Small memory footprint
Unlike the JVM (which often requires gigabytes of RAM), a small Go process only takes up 10-25 MB RAM. This is important in cloud environments where memory is limited and expensive, as well as on developer machines where we want to boot up an entire stack on a single machine while leaving memory for other processes.
Go applications are deployed as a single executable file that includes all dependencies. No changes to the machine running the Go binary have to be made. No frameworks or libraries of a particular version have to be installed, inadvertently in parallel to other existing versions of the same frameworks that are required for other tools. The server doesn't even need an active internet connection to download and compile dependencies as part of the installation of the tool. This is beneficial in production where changes to the server environment often require maintenance windows, extensive approval and auditing, and on developer machines where there is no need to install frameworks in order to run your software anymore. Go executables will keep working unchanged in the future no matter what version of Go they, and other tools running on that machine, have been written in, independent of changes to the software setup of the OS or package managers, as long as the ABIs of the OS remain the same.
The only exception to the above statement is dynamic linking against glibc
when using the
See this article
for more infomation.
Go does not use a central repository for third-party libraries, but links directly to the respective repositories and downloads (vendors) them into the code base using glide. This has many advantages:
- no need to configure different repositories (various public repos, internal caches like Artifactory, etc). Get your modules from anywhere, including private Git repos.
- there is no global namespace for package names anymore. Library authors can pick the most appropriate name for their library, independently of whether this name is used elsewhere already
- the code base compiles on its own after checkout, without further downloads of dependencies.
- deployments never break, even if hosted packages or entire package repositories slow down or cease to exist (which has happened in the past)
- no floating version madness or uncertainty whether a version was changed after publishing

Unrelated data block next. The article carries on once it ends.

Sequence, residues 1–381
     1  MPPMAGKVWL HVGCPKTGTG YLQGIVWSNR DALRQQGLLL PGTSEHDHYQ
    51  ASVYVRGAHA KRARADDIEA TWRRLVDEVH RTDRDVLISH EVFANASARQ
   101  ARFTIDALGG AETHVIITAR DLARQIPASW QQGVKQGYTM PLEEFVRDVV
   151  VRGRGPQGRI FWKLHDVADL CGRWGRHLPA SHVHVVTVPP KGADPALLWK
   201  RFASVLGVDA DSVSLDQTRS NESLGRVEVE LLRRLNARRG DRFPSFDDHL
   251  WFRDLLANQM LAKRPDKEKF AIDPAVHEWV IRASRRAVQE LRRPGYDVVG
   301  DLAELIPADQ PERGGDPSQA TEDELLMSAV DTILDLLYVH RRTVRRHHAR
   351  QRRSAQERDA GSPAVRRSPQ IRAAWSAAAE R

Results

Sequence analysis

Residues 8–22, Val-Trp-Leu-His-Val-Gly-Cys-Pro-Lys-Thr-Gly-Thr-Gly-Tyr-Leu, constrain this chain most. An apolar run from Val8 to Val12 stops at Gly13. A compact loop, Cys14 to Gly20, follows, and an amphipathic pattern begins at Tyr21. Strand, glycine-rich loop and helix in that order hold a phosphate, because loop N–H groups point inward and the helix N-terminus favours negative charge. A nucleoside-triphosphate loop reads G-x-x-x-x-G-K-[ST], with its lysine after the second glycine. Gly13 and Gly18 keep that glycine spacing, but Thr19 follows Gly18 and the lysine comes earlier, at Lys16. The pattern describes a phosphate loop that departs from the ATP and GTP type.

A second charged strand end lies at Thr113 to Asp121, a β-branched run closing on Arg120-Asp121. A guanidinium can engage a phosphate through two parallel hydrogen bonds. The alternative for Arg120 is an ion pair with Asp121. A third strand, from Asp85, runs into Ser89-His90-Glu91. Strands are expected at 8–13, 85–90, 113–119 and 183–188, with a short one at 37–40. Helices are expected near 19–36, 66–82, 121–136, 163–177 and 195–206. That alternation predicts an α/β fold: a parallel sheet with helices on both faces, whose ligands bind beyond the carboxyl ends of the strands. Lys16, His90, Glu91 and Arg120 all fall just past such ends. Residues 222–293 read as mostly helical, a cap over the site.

- no reliance that every library author properly follows semantic versioning (which many don't)
- third-party code can be reviewed, analyzed, linted, and tested before being checked into the code base and used. This ensures that quality third-party libraries are used
- a slow or unavailable package server does not prevent setups and deploys
- no bit rot since packages are bundled into a stand-alone binary that keep running all just by itself
Go binaries are very concise in size. A Docker image for a small Go application is 15-25 MB in size, compared to >400 MB for Node/JVM. This matters when deploying a micro-service based application. Imagine deploying an application consisting of 50+ Docker images. With Node/JVM services, we have to upload 25 GB into the cloud, which will take a long time. With Go services the entire app is only 1 GB. This means it can be deployed much faster and more frequently, allowing important updates to reach production faster.
Modern hardware achieves speed through parallelization. Golang has high-level concurrency primitives built right into the language. This not only makes sure that Go programs scale well over cores. Unlike approaches that use libraries to achieve concurrency, all Go code is based on the same concurrency mechanism, concurrency is achieved with the least amount of boilerplate and overhead, and with tool support built into the languge toolchain.
Server-native language primitives
On a fundamental level, cloud systems receive data, massage it (often in serveral steps), and then send it out again. Unlike OO or functional languages, which provide generic abstractions out of which one has to build custom systems that implement this workflow, Go provides language primitives that support the input-processing-output paradigm more directly:
- readers and writers for streaming IO
- functions for processing data
- goroutines for concurrency
- channels for piping data through a processing pipeline of concurrent goroutines
Because all necessary primitives are provided by the language, Go programs express what they do very directly, without detours into abstractions that obfuscate the intent and degrade performance.
Using gox you can create binaries for macOS, Linux, Windows, BSD, ARM, and other platforms.
Go is leading the DevOps/Cloud space. Many modern projects are written in Go: